Clearer Vision

6

November 29, 2016, Prescott- Now that my backlog of stuff has cleared up, somewhat, it’s time to consider what 66 has in store for me, or I, for it.

Fitness:  I like going to Planet Fitness, as there is a place for everyone, with a feeling of community and non-judgement.  People of all ages, sizes and ability levels exercise together and support one another, either silently, or as “spotters”.  My current plan has me there, three days a week.

Hiking:  Related to fitness, and to photography, my hikes vary in length and in difficulty.  They have sustained me, in many ways, for nearly 58 years.  The next twelve months will take me to:  Prescott Hotshots Memorial State Park, in Yarnell;  the southernmost three segments of Black Canyon National Recreation Trail, in New River; Spur Cross Ranch, Cave Creek; McDowell Mountains Desert Preserve, Scottsdale; the San Francisco Peaks, Flagstaff; the Grand Canyon and who knows where, in AZ and elsewhere.

Work:  I was asked to consider being lead teacher in my current classroom.  I respectfully declined, preferring to see a younger person have a shot at that opportunity- as I am not devoting more time to the courses necessary for re-certification, and  given that I plan to work full time, for 4 1/2 more years, then go on to other pursuits, at the end of May, 2021. Children, and their well-being, will always be one of my highest concerns, though, wherever I am.

Family:  This means both biological and of choice.  Thankfully, there is no one in my biological family who would not be in my family of choice.  The former consists of about 140 people, including my mother, siblings, son, maternal and paternal relatives, and in-laws.  The latter has grown to at least 300, including many who will read this, over the past twenty-five years.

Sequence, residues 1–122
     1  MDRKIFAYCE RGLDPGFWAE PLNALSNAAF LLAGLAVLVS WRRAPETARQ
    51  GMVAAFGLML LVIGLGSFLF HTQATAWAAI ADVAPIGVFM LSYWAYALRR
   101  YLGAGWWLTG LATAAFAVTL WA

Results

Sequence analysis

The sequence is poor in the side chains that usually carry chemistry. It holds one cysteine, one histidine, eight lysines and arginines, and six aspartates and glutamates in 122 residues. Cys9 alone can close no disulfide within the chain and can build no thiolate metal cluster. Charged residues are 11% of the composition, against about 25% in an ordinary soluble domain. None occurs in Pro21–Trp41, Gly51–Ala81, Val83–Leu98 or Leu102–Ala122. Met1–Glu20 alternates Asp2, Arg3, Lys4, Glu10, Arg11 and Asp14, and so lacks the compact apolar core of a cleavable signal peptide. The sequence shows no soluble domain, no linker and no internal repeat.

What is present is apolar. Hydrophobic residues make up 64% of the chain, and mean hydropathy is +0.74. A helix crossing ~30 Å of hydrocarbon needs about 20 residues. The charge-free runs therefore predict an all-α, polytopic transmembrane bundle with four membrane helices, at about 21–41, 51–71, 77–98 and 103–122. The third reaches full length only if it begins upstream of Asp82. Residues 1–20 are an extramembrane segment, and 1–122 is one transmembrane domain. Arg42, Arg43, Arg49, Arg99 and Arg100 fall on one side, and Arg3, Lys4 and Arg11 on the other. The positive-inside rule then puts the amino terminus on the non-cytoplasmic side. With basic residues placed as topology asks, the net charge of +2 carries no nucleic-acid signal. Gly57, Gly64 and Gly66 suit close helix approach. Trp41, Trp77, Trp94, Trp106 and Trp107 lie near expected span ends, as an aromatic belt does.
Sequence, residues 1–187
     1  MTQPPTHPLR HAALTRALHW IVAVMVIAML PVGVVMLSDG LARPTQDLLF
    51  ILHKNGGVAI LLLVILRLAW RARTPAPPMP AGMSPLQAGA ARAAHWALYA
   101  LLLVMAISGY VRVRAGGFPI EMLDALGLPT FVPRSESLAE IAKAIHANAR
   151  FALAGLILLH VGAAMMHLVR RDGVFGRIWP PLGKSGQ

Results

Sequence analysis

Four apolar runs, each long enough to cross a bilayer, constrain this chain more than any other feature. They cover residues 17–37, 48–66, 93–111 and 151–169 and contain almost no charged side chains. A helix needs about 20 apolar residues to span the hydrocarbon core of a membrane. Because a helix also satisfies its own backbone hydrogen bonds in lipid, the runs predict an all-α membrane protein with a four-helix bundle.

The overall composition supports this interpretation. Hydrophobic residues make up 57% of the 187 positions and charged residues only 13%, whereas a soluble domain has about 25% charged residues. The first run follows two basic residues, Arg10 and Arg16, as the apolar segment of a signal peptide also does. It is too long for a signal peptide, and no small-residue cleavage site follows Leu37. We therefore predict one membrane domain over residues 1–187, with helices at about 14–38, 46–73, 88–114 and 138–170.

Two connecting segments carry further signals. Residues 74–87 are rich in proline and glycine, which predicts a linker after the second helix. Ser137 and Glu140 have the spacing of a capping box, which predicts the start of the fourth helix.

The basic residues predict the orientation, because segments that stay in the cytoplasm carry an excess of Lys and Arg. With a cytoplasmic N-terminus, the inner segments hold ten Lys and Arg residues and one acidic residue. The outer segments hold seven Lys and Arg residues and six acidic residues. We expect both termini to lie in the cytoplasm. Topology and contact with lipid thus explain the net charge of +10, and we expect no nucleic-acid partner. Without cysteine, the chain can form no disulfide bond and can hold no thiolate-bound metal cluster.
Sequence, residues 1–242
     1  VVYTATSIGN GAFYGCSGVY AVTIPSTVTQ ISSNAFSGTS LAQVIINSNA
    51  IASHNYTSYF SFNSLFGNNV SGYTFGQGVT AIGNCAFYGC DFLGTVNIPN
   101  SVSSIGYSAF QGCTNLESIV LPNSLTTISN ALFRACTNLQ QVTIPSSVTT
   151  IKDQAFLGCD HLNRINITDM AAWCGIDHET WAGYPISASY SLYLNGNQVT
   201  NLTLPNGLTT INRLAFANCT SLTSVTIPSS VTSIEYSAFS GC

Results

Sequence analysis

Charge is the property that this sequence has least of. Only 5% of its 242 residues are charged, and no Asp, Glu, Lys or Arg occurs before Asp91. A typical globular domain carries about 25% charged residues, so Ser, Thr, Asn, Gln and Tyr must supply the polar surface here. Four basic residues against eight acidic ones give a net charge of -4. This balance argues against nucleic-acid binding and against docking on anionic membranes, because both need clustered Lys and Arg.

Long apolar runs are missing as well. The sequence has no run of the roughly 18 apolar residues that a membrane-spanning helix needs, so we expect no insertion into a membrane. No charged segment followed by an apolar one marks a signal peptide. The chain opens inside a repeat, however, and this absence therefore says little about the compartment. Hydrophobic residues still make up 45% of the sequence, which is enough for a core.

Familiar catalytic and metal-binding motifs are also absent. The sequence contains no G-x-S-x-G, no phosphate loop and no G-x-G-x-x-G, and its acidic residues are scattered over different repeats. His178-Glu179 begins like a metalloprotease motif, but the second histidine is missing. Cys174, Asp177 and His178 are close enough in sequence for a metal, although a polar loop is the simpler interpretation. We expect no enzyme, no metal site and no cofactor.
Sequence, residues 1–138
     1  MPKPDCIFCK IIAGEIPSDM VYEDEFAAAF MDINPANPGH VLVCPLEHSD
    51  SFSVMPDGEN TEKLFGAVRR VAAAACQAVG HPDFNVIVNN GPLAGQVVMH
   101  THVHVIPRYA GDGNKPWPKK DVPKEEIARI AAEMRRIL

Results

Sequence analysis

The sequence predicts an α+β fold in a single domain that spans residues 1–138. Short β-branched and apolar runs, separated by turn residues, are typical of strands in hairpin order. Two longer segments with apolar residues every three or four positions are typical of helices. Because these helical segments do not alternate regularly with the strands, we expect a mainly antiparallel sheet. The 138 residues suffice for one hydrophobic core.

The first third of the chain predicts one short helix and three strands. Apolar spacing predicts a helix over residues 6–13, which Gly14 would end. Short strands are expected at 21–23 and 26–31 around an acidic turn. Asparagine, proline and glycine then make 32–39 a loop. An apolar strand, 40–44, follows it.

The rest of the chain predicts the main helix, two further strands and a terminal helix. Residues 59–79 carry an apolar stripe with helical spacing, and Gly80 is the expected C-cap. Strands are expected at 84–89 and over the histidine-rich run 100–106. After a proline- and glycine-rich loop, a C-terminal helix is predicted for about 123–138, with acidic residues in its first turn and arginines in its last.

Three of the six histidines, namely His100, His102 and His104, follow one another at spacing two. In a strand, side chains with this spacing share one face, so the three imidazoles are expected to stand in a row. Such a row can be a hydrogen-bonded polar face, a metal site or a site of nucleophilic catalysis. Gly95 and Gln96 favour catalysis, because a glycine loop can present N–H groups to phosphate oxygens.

Travel:  My main immediate priority is time with Aram, after Christmas and before he heads to Korea for his next Navy assignment.  Between now and the end of May, I will be mostly in the Southwest and southern California, as work and my Baha’i activities keep me close to Home Base.  Mid-March may find me in west Texas, re-connecting with old friends.  The summer’s focus leans towards the Northwest, and possibly the Great Plains, but much could change, in the interim.  My Back-East visit looks to be in December, 2017.

Spiritual:  As most of you know, I am a fervent Baha’i.  We will observe a significant anniversary, on October 22:  The bicentenary of the Birth of Baha’u’llah, Founder of our Faith.  A committee is planning a dignified and welcoming commemoration of the event, here in the Prescott area.  I will support and take active part in the event that is put together.

I also support the ecumenical event, known as Hope Fest, which will also occur in October, for its sixth year.  We all are living under the same blessings, coming from One Heavenly Source, in my view.

Writing:  I still very much plan to put together, and publish, a volume of mixed short prose and poetry, between January and March of the coming year.  Online, a series of posts on this site will be called 66 Days of Sixty-Six, being a random group of days that celebrate this age.

It’s going to be a great, if often challenging, year.  Stay tuned.

 

 

Sixty-Six

8

November 28, 2016, Prescott-Someone close to me says I am officially an old man.  Well, yes and no.  Consider today:  I went to work, told no one it was my day (though it’s posted in the office kitchen, which none of my co-workers ever enter) and had a normal work day, which means I put forth an effort.  I came home, took a 20-minute power nap.  Then, it was time to mark the occasion, so I went by a Christmas display, at Prescott Resort Hotel, had dinner at Texas Roadhouse and went to see the film “Fantastic Beasts and Where to Find Them”, a Harry Potter prequel of sorts, with a fine ensemble cast and a great story line; definitely four-stars.

Age does not affect what I have ahead, over the next few months, either.  December, though, is as far as I have planned, concretely, and then only in terms of those events that have to be planned well in advance.  It’s more a matter of keeping the bulk of my focus on my work and on my Faith, than it is of slowing down.

I will have more to say about the weeks ahead, but now it’s time to keep my bedtime routine- 10:30 is late enough.

Always Welcome

0

November 27, 2016, Banning- I am fortunate to find many places, to which I can return, no matter how long it’s been since I have stopped by.  One such is Gramma’s Country Kitchen, in this small, but pleasant city along I-10, east of Riverside.  The decor reminds me of both my Godmother’s kitchen, when I was a child, and various places in which I’ve stopped in the Midwest, over the years.  The owners and waitresses always seem to remember me, from previous visits and the place just feels like home.